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Colossus of Barletta, echoes from the East

An imposing bronze statue seems to fix, with ice eyes, tourists who are walking along Corso Vittorio Emanuele in Barletta. It is a familiar figure for the inhabitants of the place, who call it Arè, abbreviation of Heraclius. Heraclius is about four and a half meters tall, and his appearance testifies centuries of life, partially mysterious. For this reason it is called Colossus of Barletta, not only for its enormous height, but also for what it symbolyzes for the Apulian city.

Colossus of Barletta
Colossus of Barletta

The giant Colossus of Barletta

Heraclius stands proud, on a stone pedestal; he wears an elegant dress, which reaches up to the knees, and the shoes. His hairstyle is neat and well-collected, his beard has a short shave. When someone asks who he is, this giant represented at the center of Barletta, some clues are revealed. Heraclius’ head is surrounded by an imperial diadem, he has on the forehead a jewel like the ancient people of the Goths. Moreover, a single pearl earring hangs below the lobe of the left ear.

Colossus of Barletta

Heraclius firmly holds, on his left hand, a globe, symbol of the power of the Emperor to all the World -who said that the ancients believed the Earth to be flat? – whilst, on the other hand, he raises the cross. At first sight, the workmanship of the bronze is Byzantine. Is he a Christian king of the Eastern Roman Empire, whose power was considered to be directly conferred by God? It appears as a plausible hypothesis…but, who he is?

The mysterious appearance of Heraclius 

The appearance of Heraclius in Barletta is more mysterious. According to the popular tradition, the statue was found in 1204 lying on a rock. Nonetheless, how it arrived there, nobody can explain. It seems Heraclius had emerged from the sea, spontaneously, deciding to move to Barletta from some distant Eastern city. This historiographical tradition derives from the writings by Giovan Paolo Grimaldi, Jesuit of the 17th century. According to him, Heraclius was forged in Constantinople, and after it was taken by the Venetians during the sack of 1204 [1].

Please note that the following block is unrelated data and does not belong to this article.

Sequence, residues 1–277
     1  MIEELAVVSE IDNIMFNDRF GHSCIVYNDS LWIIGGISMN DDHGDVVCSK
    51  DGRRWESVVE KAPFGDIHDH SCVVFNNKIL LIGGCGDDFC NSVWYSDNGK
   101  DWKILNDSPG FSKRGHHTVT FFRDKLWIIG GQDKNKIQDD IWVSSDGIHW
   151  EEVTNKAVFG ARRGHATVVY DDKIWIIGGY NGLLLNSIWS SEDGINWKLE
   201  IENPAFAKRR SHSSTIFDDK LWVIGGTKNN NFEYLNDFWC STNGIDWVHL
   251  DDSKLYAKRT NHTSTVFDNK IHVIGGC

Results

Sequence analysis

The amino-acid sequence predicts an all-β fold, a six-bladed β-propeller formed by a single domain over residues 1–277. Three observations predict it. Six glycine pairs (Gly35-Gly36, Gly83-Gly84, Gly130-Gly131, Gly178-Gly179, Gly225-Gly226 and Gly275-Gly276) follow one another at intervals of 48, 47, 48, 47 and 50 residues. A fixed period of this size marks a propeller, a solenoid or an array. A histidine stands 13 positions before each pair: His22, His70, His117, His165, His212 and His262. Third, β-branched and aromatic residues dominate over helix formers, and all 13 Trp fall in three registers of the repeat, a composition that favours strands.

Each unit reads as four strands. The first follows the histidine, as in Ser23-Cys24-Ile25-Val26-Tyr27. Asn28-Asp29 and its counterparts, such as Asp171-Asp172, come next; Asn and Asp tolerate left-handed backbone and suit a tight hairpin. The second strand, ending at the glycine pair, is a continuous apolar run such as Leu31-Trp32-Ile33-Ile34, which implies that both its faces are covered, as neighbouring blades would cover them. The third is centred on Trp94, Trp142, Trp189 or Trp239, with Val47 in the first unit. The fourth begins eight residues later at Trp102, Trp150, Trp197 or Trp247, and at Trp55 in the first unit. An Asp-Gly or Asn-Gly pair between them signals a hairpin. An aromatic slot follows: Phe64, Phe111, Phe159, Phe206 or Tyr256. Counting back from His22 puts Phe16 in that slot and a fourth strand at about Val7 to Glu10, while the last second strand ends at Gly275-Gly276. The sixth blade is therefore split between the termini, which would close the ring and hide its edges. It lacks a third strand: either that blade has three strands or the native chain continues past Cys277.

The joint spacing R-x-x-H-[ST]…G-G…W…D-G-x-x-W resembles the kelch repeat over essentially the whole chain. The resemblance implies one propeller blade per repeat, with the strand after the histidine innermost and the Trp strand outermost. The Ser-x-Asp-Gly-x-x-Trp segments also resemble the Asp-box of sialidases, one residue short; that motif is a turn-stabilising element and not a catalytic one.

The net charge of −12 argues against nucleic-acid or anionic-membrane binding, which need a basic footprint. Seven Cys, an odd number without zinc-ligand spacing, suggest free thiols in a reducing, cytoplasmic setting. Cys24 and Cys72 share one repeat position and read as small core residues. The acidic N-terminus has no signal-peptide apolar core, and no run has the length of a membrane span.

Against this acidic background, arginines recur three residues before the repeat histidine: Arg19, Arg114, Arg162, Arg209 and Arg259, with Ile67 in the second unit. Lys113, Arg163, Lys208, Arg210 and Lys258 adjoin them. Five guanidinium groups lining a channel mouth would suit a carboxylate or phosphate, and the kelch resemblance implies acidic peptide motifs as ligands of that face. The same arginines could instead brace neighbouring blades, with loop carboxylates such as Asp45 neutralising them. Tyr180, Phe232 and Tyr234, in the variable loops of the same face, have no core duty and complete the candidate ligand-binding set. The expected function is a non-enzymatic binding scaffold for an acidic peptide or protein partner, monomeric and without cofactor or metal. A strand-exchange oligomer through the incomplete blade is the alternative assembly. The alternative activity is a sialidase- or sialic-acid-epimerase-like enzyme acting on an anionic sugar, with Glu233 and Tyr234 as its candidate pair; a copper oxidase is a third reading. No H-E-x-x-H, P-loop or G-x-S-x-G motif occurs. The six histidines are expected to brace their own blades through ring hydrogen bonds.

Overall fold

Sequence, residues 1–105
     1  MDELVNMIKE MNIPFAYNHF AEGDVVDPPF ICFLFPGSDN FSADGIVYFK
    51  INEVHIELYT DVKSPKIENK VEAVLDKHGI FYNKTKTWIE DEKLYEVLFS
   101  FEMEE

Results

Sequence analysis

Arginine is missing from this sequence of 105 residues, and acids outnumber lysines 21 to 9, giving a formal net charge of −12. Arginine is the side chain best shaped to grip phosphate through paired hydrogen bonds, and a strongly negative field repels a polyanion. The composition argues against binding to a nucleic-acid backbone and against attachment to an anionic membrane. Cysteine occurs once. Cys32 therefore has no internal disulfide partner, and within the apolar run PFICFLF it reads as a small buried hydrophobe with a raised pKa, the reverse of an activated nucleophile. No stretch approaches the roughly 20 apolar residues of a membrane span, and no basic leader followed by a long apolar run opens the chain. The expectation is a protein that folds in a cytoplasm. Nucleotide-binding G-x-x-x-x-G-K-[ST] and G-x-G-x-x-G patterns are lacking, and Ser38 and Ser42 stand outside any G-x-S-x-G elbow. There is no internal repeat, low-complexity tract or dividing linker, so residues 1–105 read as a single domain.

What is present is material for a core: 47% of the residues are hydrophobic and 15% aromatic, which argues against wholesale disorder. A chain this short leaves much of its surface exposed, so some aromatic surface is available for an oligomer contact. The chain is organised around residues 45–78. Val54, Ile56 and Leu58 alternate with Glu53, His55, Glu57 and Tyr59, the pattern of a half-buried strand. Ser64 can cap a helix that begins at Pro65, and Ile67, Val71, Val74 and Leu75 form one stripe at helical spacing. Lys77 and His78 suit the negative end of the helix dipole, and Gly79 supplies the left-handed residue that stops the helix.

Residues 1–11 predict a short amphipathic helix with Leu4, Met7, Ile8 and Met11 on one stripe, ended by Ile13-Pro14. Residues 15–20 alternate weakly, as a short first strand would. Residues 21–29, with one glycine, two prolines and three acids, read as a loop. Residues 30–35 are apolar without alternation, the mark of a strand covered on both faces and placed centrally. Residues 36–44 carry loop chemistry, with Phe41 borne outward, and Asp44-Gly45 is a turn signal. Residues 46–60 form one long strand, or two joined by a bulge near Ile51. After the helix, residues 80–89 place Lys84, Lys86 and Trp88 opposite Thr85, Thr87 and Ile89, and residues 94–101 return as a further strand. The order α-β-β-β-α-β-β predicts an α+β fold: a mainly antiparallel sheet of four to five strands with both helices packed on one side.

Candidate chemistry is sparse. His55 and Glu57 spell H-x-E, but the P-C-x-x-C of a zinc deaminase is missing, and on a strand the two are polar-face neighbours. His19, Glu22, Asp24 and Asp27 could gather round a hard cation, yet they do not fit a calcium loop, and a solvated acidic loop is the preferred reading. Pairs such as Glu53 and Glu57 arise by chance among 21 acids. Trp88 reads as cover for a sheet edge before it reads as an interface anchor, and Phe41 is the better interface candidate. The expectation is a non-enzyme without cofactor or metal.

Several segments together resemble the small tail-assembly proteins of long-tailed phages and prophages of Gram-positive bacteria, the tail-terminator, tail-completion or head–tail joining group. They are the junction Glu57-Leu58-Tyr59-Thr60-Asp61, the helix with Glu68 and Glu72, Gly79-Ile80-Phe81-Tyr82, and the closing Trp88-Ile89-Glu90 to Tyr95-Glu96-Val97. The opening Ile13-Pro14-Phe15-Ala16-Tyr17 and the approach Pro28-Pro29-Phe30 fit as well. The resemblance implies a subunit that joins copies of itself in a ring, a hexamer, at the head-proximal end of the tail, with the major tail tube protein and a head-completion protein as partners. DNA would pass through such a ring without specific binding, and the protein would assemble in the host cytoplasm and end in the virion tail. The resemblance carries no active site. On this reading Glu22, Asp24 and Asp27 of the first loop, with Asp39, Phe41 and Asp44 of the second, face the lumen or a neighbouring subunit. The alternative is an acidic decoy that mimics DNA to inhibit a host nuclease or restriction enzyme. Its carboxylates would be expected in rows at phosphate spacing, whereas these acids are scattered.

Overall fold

Effectively, it was the same destiny of several famous works now present in Venice, which were taken by the doge Enrico Dandolo. Among them, for instance, there are the famous Bronze Horses, once at the Hippodrome of Constantinople, and then located on the Basilica of San Marco. However, in the case of Heraclius, during the transfer towards Venice, the ship transporting the giant was caught in a storm, so that it was decided to abandon the statue along the Apulian coasts.

Historiographical studies about the Colossus 

Actually, spectometric analysis have partially invalidated this hypothesis. In fact, the bronze does not have contaminations from iodine that could justify a prolonged stay inside the sea. Moreover, it has not the typical corrosive phenomena of the maritime remains. It is more probable that Heraclius was moved to Barletta from a near city. The most accredited hypothesis is that the Colossus was realized in Ravenna, when it was the capital of the Western Roman Empire, and then moved to Apulia by the will of Frederick II. Tommaso da Pavia was the monk who referred of an extraordinary excavation campaign, led by the emperor in Ravenna in 1231-1232. Heraclius was unearthed in a place out of the city, where there was a mausoleum similar to that of Galla Placidia [2].

Ravenna, Mausoleum of Galla Placidia

Hence, the aim of Frederick II was to embellish the cities of the Reign of Sicily, that he loved so much. Moreover, it is not certain that the Colossus was effectively directly to Barletta, since someone suggests that its final destination was Foggia. In any case, for some strange reasons, Heraclius stayed at the customhouse of the port of Barletta for several years, until it was located at the center of the city.

Colossus of Barletta, a controversial identity 

An essential question still remains: what does the Colossus of Barletta represent? The name Heraclius deceives its first historical identification. In the past, the presence of the showy cross, in the right hand, suggested that it could represent the emperor Heraclius I. He was the king who, according to the tradition, avenged the desecration of the Holy Sepulcher in 630 by the Persians, and he carried the Real Cross to Jerusalem during a pilgrimage [3].